AYTM Market Research for Visa

A Short History of Biometric Authentication

Biometrics as a means of identification has had an interesting evolution – here are just a few highlights:

  • 1858 – a British administrator working for the Civil Service of India, Sir William Herschel, used handprints on the back of worker contracts as a means of individual identification come payday.
  • 1870 – Alphonse Bertillon develops a method for identifying alleged criminals based on their physical measurements, and was also the inventor of the mugshot. (The system later lost popularity when its scientific basis was debunked.)
  • 1892 – Sir Francis Galton pioneers a classification system for the identification of fingerprints, the details of which are still in use today.
  • 1903 – New York state prison systems formally adopt the method of using fingerprints to identify criminals.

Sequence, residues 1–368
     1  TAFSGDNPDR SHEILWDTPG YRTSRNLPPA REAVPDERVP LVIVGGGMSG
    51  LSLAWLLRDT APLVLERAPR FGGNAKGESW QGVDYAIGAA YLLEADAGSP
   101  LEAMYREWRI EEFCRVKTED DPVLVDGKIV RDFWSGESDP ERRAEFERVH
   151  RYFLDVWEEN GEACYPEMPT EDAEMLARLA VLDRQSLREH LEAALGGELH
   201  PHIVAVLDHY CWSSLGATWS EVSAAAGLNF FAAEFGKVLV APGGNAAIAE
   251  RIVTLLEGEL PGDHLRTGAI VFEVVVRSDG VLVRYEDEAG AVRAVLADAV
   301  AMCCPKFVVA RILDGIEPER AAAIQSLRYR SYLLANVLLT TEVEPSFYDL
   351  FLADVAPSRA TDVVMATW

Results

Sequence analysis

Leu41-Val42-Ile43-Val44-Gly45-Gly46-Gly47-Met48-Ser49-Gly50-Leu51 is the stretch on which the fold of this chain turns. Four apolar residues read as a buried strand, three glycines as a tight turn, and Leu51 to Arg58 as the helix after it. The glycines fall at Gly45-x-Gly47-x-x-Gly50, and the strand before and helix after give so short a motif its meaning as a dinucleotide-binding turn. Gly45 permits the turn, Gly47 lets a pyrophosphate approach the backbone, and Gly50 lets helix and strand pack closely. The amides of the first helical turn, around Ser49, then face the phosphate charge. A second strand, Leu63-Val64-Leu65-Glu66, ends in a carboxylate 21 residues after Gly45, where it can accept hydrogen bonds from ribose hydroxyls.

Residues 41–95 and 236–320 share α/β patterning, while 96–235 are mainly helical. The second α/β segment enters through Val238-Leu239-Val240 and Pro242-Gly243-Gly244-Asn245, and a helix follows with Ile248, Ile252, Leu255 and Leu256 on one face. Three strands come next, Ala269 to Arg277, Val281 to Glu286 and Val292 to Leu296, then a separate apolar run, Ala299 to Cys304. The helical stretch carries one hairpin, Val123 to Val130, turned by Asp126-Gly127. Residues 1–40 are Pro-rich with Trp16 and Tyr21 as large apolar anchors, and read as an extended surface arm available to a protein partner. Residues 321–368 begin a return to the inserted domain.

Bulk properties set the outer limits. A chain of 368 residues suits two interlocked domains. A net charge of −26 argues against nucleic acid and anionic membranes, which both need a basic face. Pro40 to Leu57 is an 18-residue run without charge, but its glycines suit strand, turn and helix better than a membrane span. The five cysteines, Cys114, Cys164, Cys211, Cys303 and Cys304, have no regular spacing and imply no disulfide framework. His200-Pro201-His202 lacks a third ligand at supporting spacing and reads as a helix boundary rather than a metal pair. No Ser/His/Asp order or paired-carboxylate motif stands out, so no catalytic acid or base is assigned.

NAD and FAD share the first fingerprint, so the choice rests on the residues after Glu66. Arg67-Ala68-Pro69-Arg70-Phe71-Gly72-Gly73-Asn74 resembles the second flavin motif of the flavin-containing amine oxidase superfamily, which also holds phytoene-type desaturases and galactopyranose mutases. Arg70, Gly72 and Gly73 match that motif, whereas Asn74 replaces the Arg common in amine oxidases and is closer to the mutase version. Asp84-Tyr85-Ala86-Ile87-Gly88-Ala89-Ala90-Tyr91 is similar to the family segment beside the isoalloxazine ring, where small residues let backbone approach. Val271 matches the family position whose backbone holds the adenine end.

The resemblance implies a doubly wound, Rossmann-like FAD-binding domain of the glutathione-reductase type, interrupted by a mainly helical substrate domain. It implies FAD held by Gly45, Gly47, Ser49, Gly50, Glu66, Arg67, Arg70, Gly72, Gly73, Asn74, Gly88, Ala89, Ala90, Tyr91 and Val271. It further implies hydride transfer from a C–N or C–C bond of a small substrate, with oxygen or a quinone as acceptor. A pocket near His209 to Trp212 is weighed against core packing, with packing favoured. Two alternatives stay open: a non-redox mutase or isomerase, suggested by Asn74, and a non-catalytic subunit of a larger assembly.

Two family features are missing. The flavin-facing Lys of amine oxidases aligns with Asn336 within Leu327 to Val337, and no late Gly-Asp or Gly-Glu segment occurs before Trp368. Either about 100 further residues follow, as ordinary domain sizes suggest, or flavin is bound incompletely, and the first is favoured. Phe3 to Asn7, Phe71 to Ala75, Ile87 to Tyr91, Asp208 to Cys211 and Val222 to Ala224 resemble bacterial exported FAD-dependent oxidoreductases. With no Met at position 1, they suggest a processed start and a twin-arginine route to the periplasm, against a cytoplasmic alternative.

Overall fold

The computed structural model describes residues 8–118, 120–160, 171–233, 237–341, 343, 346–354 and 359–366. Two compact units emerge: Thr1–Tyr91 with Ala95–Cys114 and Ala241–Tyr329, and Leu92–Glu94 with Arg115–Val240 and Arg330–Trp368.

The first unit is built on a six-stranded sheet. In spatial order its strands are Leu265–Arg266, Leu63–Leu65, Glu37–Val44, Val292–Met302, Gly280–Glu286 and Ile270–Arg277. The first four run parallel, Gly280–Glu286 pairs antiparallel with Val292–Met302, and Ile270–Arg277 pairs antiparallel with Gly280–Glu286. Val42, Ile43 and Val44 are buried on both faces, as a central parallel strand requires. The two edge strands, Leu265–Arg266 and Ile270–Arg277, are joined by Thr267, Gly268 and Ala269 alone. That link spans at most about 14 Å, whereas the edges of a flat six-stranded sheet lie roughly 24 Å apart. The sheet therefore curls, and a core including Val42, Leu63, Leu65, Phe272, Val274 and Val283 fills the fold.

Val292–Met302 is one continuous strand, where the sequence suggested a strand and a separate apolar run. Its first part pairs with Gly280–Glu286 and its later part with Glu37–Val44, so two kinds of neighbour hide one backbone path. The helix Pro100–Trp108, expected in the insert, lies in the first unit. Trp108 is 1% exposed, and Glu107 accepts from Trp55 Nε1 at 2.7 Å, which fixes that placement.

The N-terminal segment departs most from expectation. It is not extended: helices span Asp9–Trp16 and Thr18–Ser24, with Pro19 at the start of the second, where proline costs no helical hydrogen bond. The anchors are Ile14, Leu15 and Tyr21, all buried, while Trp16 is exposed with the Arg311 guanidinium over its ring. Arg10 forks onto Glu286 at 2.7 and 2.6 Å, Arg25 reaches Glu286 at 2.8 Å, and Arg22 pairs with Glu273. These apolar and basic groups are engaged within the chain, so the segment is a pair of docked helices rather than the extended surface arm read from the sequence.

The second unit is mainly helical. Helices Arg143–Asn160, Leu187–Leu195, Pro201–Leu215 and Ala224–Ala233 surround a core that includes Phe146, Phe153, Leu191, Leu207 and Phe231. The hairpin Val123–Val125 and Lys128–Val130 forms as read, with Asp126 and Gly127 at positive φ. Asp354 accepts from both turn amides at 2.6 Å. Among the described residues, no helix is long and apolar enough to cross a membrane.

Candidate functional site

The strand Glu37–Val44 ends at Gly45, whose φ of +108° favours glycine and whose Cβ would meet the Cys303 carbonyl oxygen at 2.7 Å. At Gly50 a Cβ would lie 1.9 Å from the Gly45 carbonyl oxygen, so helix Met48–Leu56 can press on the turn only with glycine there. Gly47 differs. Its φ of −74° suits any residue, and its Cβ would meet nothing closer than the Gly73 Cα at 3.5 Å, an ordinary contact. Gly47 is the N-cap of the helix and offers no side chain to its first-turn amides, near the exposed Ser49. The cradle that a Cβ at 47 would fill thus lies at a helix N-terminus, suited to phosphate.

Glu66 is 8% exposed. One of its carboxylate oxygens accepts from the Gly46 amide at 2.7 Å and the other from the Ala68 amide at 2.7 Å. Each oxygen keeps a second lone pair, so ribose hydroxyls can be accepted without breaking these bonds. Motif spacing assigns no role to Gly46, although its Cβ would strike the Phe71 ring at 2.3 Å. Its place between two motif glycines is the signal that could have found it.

• 1976 – Development of first prototype system for speaker recognition in the US, tested partly by the US Air Force.
  • 1977 – The concept of utilising an individual’s heart trace (ECG) is explored in technical military research.
  • 1990 – The inadvertent realisation of ECG as being a unique biometric trait was realised in studies including a study of over 900 patients at the Royal Victoria Hospital in Belfast.
  • 1992 – Facial detection pioneered, making a real time facial recognition a possibility.
  • 2013 – Apple launches TouchID, a fingerprint based authenticator on devices including iPhone 5S, the iPhone 6 and iPhone 6 Plus, the iPad Air 2, and the iPad Mini 3.
  • 2017 – Apple launches FaceID, touted to replace TouchID.

Your Heart is Key

Biometrics are not a silver bullet, however.

First generation biometrics including fingerprint, voice and iris recognition have already been shown to be vulnerable to harvesting or spoofing attacks, where systems have been tricked into verifying the wrong user.